Secret Life of an Expat: This Writer’s Basics
a blogumn by Gudrun Cram-Drach
To prepare myself for my own “middle grade” novel rewrite, I’ve been studying the genre. Middle grade is the level below young adult, and from what I’ve learned, it is a short-ish, chapter book that doesn’t have sex or bad violence in it, and it could feature talking animals. A child may read a middle grade novel alone, or have it read to them.
Even during the years that I wasn’t a big fan of kids, I was always a big fan of fiction written for kids. I can’t say how many times I’ve read or listened to Harry Potter (it’s perfect background noise for long days of animation production when all I have to do is draw the same character over and over again). The same goes for the His Dark Materials trilogy by Philip Pullman (of which, The Golden Compass is book one). Both of these series start in a rather innocent place, I might say that the first 3 Harry Potter books are middle grade, then when people start dying and snogging, it moves into the young adult genre. The Pullman books are rather on the edge too, depending on how you feel about their content.
Every time I visit my parents, I search the house for favorite books from my own youth. Off the top of my head, I remember adoring Stuart Little, and The Trumpet and the Swan, both by E.B. White, and The Cricket in Times Square, by George Selden. The latter of which I recently reread.
The Cricket in Times Square was originally published in 1960, and my 1980 edition is yellowed with a brittle binding. I had vaguely recalled that there were a few Chinese men in the story, but had forgotten the heavy racial stereotyping. “I Sai Fong,” “You got clicket?” “Oh, velly good!” Regardless, the story of a mouse, a cat, and a cricket hanging out in a newspaper stand in Times Square is beyond adorable. The book is still in print, and there is a companion book on how to use it in the classroom.I’m currently reading the 1952 Newbury Medal winner Ginger Pye, by Eleanor Estes. It’s about a small town family who acquires a puppy, purchased by the kids who earn a whole dollar polishing the pews in church. There is a lot of God talk, and it’s rather long by current standards. Many of its extra pages seem to recount the daydreams of the kids, which have little to do with the actual plot of the story. I wonder if a present day editor would not have cut some of that.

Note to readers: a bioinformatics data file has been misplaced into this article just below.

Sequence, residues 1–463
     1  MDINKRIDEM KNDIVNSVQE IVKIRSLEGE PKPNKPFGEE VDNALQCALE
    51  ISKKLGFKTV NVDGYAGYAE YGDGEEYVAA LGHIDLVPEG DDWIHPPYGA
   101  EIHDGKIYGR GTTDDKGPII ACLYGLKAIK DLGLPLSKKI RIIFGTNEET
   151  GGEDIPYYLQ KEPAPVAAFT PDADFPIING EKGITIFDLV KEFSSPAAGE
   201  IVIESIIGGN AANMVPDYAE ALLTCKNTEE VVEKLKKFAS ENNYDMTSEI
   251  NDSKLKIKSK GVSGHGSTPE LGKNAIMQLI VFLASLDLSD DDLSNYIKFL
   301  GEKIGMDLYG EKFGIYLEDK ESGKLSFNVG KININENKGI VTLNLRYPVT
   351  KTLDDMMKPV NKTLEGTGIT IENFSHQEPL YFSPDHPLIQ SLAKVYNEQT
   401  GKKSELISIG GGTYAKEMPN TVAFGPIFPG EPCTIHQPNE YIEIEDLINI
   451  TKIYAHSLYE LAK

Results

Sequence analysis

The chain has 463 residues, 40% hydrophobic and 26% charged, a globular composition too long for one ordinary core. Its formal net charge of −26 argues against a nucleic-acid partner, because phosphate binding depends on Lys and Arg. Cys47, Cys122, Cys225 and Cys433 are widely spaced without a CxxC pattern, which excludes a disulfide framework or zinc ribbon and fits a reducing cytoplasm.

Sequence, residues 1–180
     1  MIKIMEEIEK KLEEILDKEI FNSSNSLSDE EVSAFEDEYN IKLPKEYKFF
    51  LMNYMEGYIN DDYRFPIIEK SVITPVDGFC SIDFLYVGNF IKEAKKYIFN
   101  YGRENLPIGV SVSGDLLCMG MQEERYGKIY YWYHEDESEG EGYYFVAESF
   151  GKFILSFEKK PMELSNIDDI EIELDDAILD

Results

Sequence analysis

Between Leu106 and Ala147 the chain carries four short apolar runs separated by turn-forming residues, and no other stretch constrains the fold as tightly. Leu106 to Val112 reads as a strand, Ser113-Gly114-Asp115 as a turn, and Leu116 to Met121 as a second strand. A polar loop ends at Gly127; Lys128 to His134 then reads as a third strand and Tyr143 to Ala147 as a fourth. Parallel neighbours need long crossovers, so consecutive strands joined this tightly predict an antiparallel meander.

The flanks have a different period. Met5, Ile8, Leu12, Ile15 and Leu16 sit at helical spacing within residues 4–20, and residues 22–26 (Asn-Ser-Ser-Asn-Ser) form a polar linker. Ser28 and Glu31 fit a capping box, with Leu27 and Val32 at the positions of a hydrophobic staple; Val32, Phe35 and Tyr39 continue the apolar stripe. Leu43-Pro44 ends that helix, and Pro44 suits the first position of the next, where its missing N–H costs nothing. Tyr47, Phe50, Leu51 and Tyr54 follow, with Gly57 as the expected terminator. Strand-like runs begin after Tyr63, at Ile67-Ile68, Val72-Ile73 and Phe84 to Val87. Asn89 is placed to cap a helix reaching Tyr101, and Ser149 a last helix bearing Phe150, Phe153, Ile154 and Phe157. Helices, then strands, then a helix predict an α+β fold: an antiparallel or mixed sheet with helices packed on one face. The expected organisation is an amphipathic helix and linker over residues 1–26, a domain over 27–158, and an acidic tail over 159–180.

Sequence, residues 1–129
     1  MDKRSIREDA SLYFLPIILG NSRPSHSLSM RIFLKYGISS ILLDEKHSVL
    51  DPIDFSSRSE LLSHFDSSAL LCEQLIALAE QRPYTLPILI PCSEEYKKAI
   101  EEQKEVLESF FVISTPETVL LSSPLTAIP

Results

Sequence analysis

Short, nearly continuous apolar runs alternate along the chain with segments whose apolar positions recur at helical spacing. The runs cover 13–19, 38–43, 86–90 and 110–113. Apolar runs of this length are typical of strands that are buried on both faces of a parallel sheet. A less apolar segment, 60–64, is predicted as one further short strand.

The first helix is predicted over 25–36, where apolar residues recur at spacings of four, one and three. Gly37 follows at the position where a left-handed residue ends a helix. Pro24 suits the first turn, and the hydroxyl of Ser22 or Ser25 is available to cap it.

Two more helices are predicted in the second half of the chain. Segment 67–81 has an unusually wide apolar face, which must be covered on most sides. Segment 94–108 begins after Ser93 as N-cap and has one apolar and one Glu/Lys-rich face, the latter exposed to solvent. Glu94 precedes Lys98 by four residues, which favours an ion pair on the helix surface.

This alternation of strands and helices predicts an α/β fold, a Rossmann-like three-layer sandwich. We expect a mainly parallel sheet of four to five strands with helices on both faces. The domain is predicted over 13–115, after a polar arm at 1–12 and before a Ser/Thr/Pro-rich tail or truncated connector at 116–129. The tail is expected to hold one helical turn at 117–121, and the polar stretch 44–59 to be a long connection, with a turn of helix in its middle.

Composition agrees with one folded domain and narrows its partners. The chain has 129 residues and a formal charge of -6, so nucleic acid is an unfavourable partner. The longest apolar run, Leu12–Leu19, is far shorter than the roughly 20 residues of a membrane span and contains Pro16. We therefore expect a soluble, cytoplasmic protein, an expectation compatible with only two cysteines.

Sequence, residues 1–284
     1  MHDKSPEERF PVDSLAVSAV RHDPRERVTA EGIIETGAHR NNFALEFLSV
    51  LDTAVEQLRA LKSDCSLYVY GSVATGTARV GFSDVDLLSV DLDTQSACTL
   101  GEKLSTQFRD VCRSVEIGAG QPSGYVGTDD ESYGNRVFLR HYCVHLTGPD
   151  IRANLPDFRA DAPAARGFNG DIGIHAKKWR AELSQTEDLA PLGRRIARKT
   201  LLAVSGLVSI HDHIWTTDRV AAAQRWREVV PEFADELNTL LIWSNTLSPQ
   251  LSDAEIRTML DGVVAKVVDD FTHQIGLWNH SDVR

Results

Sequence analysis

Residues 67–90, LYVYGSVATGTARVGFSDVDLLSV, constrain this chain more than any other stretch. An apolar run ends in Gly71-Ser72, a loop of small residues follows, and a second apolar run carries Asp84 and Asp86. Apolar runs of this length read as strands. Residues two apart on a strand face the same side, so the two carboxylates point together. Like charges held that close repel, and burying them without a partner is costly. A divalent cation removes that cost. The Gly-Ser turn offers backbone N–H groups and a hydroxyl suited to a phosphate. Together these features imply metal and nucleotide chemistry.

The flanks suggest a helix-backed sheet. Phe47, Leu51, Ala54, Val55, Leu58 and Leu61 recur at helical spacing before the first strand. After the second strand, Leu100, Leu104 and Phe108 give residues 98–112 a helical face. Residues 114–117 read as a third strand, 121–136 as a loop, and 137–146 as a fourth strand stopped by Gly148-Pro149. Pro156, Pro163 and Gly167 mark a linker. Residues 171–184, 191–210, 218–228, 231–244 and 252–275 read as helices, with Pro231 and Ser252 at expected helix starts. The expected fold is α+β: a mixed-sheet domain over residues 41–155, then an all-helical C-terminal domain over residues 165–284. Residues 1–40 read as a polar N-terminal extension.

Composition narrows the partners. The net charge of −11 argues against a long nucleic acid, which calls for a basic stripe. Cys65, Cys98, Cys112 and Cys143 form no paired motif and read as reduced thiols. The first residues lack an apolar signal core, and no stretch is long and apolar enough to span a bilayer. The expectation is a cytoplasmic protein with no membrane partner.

When I first started hanging out with M’s kids, I brought them a few Maine classics, one of which might be my favorite book of all time, One Morning in Maine by Robert McCloskey.
This book, also published in 1952, dips below middle grade fiction and is a very wordy picture book. It is the story of a girl named Sal who lives in a coastal town in Maine. Sal gets up in the morning, puts on her bathrobe and slippers, and realizes with horror that she has a loose tooth. Her mom explains she’s a big girl and she will lose all her teeth and big ones will grow in, then she tells everyone she meets about her loose tooth, including her little sister, her mom, a loon, a seal, her dad, then the tooth falls out and into a muddy hole from which her father had been digging clams. They can’t find it, but Sal still has the gap in her mouth to show off. They go into town and she tells everybody she meets that she lost a tooth, and they are all interested and admiring.
I don’t know why I love this story so much (perhaps I could try to decode it, like a dream), and I don’t know how it stirs an abstract memory of the same emotion it gave me when I was little, but it does. Maybe it’s McCloskey’s drawings (he also wrote and drew the perhaps better known Make Way for Ducklings), maybe it’s how excited little Sal is about becoming a big girl and losing a tooth. I wanted to be grown up so bad. Now I just want to be little again.
Does anyone have any favorite books from childhood that they would recommend?